A Field Guide To The Love Bead Safe Harbor Pin
If you’re new to the Love Bead Safe Harbor Pin and you see one “in the wild,” on someone on the street, in a restaurant, at school, at work, or any of the places you might find cool people, you might wonder if there’s any significance to the color, or the charm hanging from the pin. The answer? Sometimes yes, sometimes no.
The safety pin is what makes it a “safe harbor” pin. So no matter the color or decoration, it’s still a Safe Harbor Pin. The rest is about standing up for a special cause that is close to your heart. It doesn’t mean you don’t care about anything else, just that this particular cause is one you’re especially passionate about, or is especially relevant to your life, or in the lives of people you know.
I’ve really never understood why some people think being a feminist is a bad thing. I keep hearing women say, “Oh, I’m not a feminist!,” as though to assure other people they aren’t dangerous, or contagious. One day, I engaged a young woman in conversation, just asking what it was about feminism she didn’t like. This was only a couple of years ago, mind you. She said something like, “Well, I like men!”
I nodded. “So do I, the nice ones, anyway.” I asked her if she thought people should be paid for doing the same work, about as well. “Sure!” But, I protested, men have to support families. Women don’t. “What?,” she protested. “There are a lot of women who have kids and aren’t married, you know.” Yes, I admitted, I suppose that’s true. But what about child care? Women should be home taking care of their kids, right? “Most women can’t,” she said. “They have to work.” And some might want to work, I added. “Right.” But it doesn’t matter much what child care you use or how expensive it is. She looked at me like I was nuts. I had to laugh. “You’re a feminist,” I told her.
She really didn’t know. You might think everyone knows this stuff by now, but a lot of people don’t. They don’t know that at its base, feminism is about women being treated not like men, but on an equal basis with men. That how you are treated and what your options are shouldn’t be determined by your gender, whether you are male or female, in your personal or your professional life. The only two jobs I can think of that are gender-specific are sperm donor and surrogate mother.
There are, however, problems that are either unique to one gender or the other, or far more common for one gender or the other. You are far, far more likely to be raped if you’re female, for example. Breast cancer can hit either sex but is more common in women. Ovarian cancer? Women, obviously. So while feminism is really for any reasonable person, there are a few “women’s issues.” Women still lag behind men in pay for the same jobs, and you can debate how much the disparity is, but that’s not the important issue. It’s that women are paid less, not how much less.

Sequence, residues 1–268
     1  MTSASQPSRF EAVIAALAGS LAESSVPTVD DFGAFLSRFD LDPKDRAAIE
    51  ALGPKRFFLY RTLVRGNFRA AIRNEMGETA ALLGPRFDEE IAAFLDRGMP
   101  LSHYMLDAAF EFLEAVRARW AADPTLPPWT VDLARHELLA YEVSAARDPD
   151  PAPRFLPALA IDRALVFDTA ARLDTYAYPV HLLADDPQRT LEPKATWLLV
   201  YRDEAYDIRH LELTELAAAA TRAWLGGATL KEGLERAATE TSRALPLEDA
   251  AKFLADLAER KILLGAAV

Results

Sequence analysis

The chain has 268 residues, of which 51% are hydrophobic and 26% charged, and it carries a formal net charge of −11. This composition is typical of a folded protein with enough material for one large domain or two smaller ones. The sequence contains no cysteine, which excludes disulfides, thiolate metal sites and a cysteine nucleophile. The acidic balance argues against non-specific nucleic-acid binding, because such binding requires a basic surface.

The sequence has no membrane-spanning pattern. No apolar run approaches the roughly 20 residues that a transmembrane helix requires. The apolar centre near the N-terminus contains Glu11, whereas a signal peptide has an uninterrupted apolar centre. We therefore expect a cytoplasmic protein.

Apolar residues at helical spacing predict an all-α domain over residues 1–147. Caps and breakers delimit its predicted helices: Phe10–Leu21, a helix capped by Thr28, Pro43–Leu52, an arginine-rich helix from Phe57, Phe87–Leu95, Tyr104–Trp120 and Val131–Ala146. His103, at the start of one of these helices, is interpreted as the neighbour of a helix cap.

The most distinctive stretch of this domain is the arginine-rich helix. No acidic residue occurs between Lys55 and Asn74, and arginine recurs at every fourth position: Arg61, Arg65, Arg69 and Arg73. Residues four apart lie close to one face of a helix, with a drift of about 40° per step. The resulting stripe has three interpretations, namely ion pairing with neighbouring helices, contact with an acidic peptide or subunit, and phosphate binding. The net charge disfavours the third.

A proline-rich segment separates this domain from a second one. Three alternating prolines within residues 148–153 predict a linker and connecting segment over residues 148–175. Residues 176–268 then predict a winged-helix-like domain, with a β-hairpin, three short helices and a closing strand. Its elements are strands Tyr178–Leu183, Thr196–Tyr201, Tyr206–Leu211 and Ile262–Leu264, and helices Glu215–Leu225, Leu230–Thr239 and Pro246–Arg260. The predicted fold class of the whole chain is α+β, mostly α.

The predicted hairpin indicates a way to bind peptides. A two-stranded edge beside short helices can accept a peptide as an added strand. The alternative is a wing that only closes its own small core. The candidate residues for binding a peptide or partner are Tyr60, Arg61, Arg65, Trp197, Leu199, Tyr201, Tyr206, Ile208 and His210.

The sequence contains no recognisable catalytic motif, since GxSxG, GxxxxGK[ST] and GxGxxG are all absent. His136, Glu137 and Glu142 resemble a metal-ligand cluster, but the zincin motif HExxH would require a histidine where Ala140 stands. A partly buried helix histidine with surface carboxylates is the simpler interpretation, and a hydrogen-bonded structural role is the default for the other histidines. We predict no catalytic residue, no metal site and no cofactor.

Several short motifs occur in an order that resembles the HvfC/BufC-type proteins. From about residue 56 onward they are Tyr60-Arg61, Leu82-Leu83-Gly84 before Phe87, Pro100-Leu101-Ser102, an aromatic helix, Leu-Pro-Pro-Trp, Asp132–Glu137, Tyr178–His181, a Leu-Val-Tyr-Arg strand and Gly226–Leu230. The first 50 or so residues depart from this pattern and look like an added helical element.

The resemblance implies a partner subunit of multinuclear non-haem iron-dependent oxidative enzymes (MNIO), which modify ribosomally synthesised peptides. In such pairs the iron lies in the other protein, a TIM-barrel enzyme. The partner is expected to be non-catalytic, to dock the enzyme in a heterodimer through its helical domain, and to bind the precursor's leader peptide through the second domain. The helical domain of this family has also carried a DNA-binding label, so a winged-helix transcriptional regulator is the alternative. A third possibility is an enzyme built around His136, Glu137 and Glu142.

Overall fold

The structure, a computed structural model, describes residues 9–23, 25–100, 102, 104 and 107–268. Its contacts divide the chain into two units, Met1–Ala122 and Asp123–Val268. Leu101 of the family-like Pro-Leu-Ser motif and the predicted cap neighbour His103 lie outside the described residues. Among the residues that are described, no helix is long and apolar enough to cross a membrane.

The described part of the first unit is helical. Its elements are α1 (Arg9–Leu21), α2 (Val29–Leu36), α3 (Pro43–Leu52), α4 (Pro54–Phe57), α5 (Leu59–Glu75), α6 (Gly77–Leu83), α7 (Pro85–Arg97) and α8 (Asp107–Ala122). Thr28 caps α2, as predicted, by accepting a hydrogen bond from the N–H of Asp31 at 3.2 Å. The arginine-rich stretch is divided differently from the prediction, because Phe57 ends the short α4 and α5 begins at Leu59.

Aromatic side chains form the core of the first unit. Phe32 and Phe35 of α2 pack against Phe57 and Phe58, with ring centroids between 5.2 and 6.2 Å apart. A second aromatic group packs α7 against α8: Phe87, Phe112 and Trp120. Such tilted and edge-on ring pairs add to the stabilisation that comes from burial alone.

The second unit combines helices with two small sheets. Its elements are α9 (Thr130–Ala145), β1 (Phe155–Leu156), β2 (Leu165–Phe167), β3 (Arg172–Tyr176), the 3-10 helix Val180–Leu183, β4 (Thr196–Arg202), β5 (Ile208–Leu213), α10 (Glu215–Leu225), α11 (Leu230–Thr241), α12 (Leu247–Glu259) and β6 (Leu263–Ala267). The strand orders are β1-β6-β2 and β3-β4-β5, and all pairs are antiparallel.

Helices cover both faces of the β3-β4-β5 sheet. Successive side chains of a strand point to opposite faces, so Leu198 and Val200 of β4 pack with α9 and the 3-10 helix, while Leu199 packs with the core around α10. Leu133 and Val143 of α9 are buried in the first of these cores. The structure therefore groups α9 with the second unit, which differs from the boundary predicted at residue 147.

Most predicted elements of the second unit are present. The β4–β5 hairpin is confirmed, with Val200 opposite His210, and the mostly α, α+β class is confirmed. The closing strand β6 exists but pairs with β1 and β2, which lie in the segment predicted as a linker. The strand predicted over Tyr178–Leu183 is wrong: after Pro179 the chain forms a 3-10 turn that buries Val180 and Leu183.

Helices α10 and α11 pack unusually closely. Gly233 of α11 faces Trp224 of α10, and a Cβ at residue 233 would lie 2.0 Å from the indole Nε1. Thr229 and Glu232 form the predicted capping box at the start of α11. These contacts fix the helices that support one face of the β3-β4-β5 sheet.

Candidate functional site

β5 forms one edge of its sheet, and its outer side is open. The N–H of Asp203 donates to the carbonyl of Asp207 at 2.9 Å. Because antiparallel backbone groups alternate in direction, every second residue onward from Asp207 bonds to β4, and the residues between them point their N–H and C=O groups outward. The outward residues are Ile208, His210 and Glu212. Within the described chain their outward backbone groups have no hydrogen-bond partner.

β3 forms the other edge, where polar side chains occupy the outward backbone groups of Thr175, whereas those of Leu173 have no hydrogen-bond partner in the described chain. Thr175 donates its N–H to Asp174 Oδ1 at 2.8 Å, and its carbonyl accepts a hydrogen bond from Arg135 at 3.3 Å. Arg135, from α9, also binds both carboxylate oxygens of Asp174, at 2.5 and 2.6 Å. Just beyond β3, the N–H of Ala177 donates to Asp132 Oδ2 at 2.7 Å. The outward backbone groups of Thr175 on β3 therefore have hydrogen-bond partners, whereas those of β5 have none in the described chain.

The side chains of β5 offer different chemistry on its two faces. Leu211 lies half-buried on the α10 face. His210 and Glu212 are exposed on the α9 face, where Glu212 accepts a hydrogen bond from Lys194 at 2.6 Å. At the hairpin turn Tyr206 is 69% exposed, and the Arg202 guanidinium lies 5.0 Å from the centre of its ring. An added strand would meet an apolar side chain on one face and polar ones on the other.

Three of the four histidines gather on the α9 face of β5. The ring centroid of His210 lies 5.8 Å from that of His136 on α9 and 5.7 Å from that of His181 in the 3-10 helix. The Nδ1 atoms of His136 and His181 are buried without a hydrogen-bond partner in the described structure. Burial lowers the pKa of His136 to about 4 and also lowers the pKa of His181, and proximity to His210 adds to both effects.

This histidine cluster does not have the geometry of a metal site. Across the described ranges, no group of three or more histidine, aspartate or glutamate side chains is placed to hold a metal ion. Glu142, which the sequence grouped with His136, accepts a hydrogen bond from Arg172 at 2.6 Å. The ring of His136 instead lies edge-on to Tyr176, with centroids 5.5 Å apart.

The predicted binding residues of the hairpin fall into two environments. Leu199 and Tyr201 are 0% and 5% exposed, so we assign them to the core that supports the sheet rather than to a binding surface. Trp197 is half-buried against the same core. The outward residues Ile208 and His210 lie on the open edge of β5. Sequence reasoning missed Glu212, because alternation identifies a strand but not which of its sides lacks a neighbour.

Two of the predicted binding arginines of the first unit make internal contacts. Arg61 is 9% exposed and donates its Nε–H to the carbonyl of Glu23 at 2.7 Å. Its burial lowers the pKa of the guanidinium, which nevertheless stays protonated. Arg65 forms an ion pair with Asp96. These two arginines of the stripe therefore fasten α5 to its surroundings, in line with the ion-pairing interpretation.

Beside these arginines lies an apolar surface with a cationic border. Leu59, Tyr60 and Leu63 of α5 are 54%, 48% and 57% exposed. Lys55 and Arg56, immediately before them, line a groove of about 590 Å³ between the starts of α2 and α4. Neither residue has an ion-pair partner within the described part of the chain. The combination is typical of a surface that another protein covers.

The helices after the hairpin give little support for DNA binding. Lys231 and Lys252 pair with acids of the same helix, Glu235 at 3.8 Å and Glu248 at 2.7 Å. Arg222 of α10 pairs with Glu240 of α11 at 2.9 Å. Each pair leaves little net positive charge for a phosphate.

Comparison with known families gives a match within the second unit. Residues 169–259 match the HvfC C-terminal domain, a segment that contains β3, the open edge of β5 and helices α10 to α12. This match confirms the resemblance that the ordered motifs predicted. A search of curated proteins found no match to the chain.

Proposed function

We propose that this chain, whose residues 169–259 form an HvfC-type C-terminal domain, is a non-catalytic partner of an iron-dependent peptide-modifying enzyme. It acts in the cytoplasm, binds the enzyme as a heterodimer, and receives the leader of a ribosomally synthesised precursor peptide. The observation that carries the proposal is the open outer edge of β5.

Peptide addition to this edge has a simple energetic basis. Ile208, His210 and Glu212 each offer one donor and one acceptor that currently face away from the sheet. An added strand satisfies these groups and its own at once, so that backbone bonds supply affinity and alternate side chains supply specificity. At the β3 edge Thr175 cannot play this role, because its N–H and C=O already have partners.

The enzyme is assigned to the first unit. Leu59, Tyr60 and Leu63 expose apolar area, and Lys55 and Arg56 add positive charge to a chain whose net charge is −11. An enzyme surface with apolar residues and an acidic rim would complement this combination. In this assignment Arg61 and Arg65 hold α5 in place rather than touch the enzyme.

Health care? An issue for everyone, but there are certain things that strike women more. Lack of access to contraceptives. Prenatal care. Lack of access to screenings like pap smears and mammograms that can catch disease when it’s early and treatable. By the way… Planned Parenthood? Its most common services, by far, are health checks for women who either can’t afford or don’t have access to other sources of health care. So defunding Planned Parenthood sentences a lot of women with low incomes to illness and death.
Rape? Do I even need to spell this one out, with the slap-on-the-wrist trial of a college athlete who dragged an unconscious woman behind a dumpster and raped her fresh in our minds? Yep, “She was asking for it because she (went there at all/wore what she was wearing/danced/you name it)” is still alive and well. Women are being held accountable for men’s choices. If I said, “I bashed him on the head, but it’s his fault because he walked past me dressed (fill in the blank) and he had a head,” I’d be sent to jail so fast my own head would spin. But rape kits expire untested and judges give offensively mild sentences and the justification is always that the victim was responsible for the choices of her attacker.
Child care? Women still get tasked with the bulk of the responsibility for child care, but this is an issue everybody can rally around . For most women, not working isn’t an option. The family needs their income. So access to affordable, quality child care is an issue that hits women, men, children, employers, everyone. Remember, we will live in the world those kids run. We need them sane, healthy, educated and safe. Employers need those women on the job, not taking off work because they can’t find child care. Any man worth the name wants his kids safe and healthy. Even if you don’t have kids, you can get behind this one.
Childhood education and nutrition? Another “everybody in/everybody wins” issue. We will grow old in the world that these kids will grow up to run. And once they reach young adulthood, our economy will count on them being employable, and employed. Which means we all need those kids educated, healthy and ready to work. Think you don’t need to worry about this because you have no kids, or you have money so your kids are okay? What planet will you be living on where you don’t need other people to do things? When I’m older, I want to be surrounded by people who are educated, healthy, employed and don’t have any reason to clobber me and steal my purse.
There’s probably at least one issue on that list that you can get behind, which would make you… take a deep breath… a feminist.
That’s why we have a “Women’s Rights” pin. So women and men who really do like women (not just want them) can say that they believe a woman’s life is as valuable as a man’s, and women shouldn’t suffer or be penalized for being female. Sounds pretty “Well, duh, of course!,” but it’s still a problem.